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In Java, would it be possible to implement a function that would take an object as input, and then convert the object to a type that is specified as a parameter?

I'm trying to implement a general-purpose type conversion function for primitive data types, but I don't know exactly where to start:

public static Object convertPrimitiveTypes(Object objectToConvert, String typeToConvertTo){
    //Given an object that is a member of a primitive type, convert the object to TypeToConvertTo, and return the converted object
}

For example, convertPrimitiveTypes(true, "String") would return the string "true", and convertPrimitiveTypes("10", "int") would return the integer 10. If the conversion were not well-defined (for example, converting a boolean to an integer), then the method would need to throw an exception, and terminate the program.

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(many) switch + (many) instanceof? –  assylias May 12 '13 at 20:57
4  
Your method takes an Object and returns an Object. There's no primitives involved. –  Daniel Kaplan May 12 '13 at 20:57
    
You do not specify an input type to convert from. –  Brandon May 12 '13 at 20:57
    
@Brandon The method does not specify a type to convert from. It specifies an object to convert, and a type to convert the object to. –  Anderson Green May 12 '13 at 20:58
    
By Object I'm assuming you mean for the primitive type's wrapper class to be sent to the function? –  christopher May 12 '13 at 20:58

1 Answer 1

up vote 8 down vote accepted

I have written this as

public static <T> T convertTo(Object o, Class<T> tClass) {

and it is possible if tedious. If you don't care about efficiency you can can covert to a String and use "Class".valueOf(String) via reflection.

public static void main(String... ignore) {
    int i = convertTo("10", int.class);
    String s = convertTo(true, String.class);
    BigDecimal bd = convertTo(1.2345, BigDecimal.class);
    System.out.println("i=" + i + ", s=" + s + ", bd=" + bd);
}

private static final Map<Class, Class> WRAPPER_MAP = new LinkedHashMap<Class, Class>();

static {
    WRAPPER_MAP.put(boolean.class, Boolean.class);
    WRAPPER_MAP.put(byte.class, Byte.class);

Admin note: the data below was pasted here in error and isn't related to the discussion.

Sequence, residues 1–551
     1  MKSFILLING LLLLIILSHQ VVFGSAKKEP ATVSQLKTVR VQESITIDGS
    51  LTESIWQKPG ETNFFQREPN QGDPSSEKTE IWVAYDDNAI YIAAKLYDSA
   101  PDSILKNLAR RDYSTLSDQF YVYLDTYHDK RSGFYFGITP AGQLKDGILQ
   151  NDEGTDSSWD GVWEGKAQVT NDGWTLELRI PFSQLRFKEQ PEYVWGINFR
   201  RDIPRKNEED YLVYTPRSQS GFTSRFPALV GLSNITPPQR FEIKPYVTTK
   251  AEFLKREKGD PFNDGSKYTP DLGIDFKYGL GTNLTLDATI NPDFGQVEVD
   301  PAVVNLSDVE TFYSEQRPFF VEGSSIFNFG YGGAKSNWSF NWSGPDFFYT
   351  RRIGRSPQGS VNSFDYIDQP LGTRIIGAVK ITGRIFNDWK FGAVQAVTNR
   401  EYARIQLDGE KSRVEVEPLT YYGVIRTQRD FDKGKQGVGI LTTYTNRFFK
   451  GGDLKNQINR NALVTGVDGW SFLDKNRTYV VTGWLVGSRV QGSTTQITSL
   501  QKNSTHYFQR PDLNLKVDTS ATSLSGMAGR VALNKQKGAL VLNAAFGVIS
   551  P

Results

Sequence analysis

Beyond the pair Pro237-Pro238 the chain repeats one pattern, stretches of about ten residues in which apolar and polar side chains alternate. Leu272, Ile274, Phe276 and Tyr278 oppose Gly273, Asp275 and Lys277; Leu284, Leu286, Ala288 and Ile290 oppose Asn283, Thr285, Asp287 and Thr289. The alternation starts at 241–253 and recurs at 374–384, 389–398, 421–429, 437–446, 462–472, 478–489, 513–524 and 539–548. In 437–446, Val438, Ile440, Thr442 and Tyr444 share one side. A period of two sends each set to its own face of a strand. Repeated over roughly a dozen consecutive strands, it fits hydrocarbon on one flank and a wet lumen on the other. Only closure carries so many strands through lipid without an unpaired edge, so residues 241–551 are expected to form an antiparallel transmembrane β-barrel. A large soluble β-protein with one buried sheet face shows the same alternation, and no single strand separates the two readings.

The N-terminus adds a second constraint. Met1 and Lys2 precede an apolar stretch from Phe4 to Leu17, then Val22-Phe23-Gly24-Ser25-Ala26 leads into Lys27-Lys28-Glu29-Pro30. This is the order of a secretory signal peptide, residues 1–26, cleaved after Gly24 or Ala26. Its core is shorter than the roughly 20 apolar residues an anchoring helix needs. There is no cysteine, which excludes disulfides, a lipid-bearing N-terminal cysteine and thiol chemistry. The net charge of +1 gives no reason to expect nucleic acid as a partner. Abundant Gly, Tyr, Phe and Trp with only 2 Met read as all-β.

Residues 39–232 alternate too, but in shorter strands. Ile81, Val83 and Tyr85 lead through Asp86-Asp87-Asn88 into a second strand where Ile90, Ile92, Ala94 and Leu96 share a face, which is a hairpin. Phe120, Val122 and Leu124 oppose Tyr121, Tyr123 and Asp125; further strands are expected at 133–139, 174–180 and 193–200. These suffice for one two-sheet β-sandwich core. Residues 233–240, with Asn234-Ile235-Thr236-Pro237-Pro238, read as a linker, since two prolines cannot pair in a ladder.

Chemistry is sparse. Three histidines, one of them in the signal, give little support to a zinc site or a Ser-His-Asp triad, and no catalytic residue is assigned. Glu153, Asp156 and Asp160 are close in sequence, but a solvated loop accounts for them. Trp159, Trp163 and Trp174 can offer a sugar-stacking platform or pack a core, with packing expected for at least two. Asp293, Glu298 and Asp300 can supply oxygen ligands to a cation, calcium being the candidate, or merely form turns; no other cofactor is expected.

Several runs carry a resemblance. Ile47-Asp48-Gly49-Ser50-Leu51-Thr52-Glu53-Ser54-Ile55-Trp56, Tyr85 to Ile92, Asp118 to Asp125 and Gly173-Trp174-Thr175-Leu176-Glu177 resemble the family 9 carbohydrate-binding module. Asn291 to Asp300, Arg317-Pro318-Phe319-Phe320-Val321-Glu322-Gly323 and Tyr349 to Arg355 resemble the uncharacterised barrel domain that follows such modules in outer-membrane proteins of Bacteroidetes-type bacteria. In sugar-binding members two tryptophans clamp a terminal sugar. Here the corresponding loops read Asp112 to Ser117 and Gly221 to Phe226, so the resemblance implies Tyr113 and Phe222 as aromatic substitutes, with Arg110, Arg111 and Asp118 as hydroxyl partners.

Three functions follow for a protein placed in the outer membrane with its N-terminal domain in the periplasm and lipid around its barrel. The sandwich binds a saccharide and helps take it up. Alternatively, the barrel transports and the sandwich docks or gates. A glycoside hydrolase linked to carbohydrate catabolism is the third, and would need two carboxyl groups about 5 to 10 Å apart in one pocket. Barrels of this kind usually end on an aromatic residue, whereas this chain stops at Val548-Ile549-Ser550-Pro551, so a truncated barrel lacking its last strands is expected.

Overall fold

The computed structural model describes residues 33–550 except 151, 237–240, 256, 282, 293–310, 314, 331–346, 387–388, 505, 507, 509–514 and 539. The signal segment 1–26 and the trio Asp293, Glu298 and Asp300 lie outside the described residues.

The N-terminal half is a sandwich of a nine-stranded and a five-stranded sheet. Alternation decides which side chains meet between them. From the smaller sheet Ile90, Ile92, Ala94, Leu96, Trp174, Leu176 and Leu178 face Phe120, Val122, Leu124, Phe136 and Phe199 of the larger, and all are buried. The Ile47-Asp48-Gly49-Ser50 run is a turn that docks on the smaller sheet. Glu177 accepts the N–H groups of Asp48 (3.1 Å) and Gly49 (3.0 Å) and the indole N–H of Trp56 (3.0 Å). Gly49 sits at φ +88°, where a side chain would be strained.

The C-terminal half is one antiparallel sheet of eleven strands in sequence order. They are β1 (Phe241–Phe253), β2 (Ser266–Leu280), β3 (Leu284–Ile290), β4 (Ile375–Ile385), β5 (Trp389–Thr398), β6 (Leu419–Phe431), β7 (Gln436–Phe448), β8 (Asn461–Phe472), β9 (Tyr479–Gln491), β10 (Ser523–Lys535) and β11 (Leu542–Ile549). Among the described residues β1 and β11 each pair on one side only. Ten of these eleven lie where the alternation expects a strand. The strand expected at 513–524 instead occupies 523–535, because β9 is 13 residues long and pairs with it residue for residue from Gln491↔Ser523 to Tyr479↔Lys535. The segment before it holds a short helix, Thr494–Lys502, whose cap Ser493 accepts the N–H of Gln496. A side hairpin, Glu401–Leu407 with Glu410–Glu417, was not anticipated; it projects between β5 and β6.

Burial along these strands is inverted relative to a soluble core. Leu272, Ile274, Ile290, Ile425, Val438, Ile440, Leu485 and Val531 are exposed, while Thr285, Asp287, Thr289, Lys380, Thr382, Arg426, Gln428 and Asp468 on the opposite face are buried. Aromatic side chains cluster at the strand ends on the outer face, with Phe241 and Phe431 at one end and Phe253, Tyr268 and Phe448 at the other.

WRAPPER_MAP.put(char.class, Character.class);
    WRAPPER_MAP.put(short.class, Short.class);
    WRAPPER_MAP.put(int.class, Integer.class);
    WRAPPER_MAP.put(float.class, Float.class);
    WRAPPER_MAP.put(long.class, Long.class);
    WRAPPER_MAP.put(double.class, Double.class);
}

public static <T> T convertTo(Object o, Class<T> tClass) {
    if (o == null) return null;
    String str = o.toString();
    if (tClass == String.class) return (T) str;
    Class wClass = WRAPPER_MAP.get(tClass);
    if (wClass == null) wClass = tClass;
    try {
        try {
            return (T) wClass.getMethod("valueOf", String.class).invoke(null, str);
        } catch (NoSuchMethodException e) {
            return (T) wClass.getConstructor(String.class).newInstance(str);
        }
    } catch (Exception e) {
        throw new AssertionError(e);
    }
}

prints

i=10, s=true, bd=1.2345
share|improve this answer
    
OP asks about primitives which might mean that he does not want to use wrappers. –  PM 77-1 May 12 '13 at 21:00
4  
@PM77-1 The op's method takes an Object and returns an Object - there are no primitives in there. –  assylias May 12 '13 at 21:02
    
Well, with autoboxing does he have that choice ? It would be a good idea to ask why primitives are sought :) –  James Poulson May 12 '13 at 21:02
    
@assylias As input, the method should be able to take a primitive of any type, and it should be able to return a primitive of any type. –  Anderson Green May 12 '13 at 21:03
1  
@JamesPoulson You should give void.class and Void.class a try some time ;) –  Peter Lawrey May 13 '13 at 8:38

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